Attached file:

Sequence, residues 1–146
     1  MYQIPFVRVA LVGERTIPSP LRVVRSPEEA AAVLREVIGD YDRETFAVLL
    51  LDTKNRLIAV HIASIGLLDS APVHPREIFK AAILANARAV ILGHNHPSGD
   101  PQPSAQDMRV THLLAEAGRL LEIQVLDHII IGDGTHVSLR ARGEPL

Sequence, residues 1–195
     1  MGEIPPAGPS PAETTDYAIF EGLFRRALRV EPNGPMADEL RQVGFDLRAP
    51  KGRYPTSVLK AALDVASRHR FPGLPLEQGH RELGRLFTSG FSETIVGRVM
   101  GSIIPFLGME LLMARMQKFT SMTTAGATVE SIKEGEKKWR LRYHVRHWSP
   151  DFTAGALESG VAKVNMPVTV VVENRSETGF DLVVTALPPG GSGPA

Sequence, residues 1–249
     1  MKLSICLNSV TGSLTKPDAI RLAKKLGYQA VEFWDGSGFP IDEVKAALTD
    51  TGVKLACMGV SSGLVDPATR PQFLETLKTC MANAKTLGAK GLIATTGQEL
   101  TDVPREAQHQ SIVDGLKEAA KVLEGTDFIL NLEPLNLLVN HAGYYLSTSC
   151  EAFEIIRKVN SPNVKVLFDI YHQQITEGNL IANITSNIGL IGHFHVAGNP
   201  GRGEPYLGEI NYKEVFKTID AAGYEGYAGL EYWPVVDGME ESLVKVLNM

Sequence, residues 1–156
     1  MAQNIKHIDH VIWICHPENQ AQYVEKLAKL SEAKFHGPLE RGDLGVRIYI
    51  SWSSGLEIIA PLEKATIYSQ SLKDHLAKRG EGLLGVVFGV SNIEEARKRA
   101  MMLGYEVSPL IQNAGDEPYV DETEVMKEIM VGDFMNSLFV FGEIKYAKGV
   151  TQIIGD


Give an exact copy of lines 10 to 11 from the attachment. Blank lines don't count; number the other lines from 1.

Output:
Sequence, residues 1–249
     1  MKLSICLNSV TGSLTKPDAI RLAKKLGYQA VEFWDGSGFP IDEVKAALTD